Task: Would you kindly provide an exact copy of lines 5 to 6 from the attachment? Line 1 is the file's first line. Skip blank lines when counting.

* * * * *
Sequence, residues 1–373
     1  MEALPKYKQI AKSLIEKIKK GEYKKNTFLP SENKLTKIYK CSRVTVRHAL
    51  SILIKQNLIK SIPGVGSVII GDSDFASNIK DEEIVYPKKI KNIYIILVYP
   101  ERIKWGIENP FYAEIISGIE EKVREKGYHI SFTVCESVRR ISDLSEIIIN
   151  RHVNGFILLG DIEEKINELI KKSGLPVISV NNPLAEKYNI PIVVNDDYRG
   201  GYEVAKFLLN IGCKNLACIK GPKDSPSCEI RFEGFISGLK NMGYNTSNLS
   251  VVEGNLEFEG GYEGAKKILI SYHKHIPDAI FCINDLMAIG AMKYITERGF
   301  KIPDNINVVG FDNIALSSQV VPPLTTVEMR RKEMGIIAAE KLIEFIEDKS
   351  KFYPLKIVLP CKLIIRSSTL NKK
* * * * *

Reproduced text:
   151  RHVNGFILLG DIEEKINELI KKSGLPVISV NNPLAEKYNI PIVVNDDYRG
   201  GYEVAKFLLN IGCKNLACIK GPKDSPSCEI RFEGFISGLK NMGYNTSNLS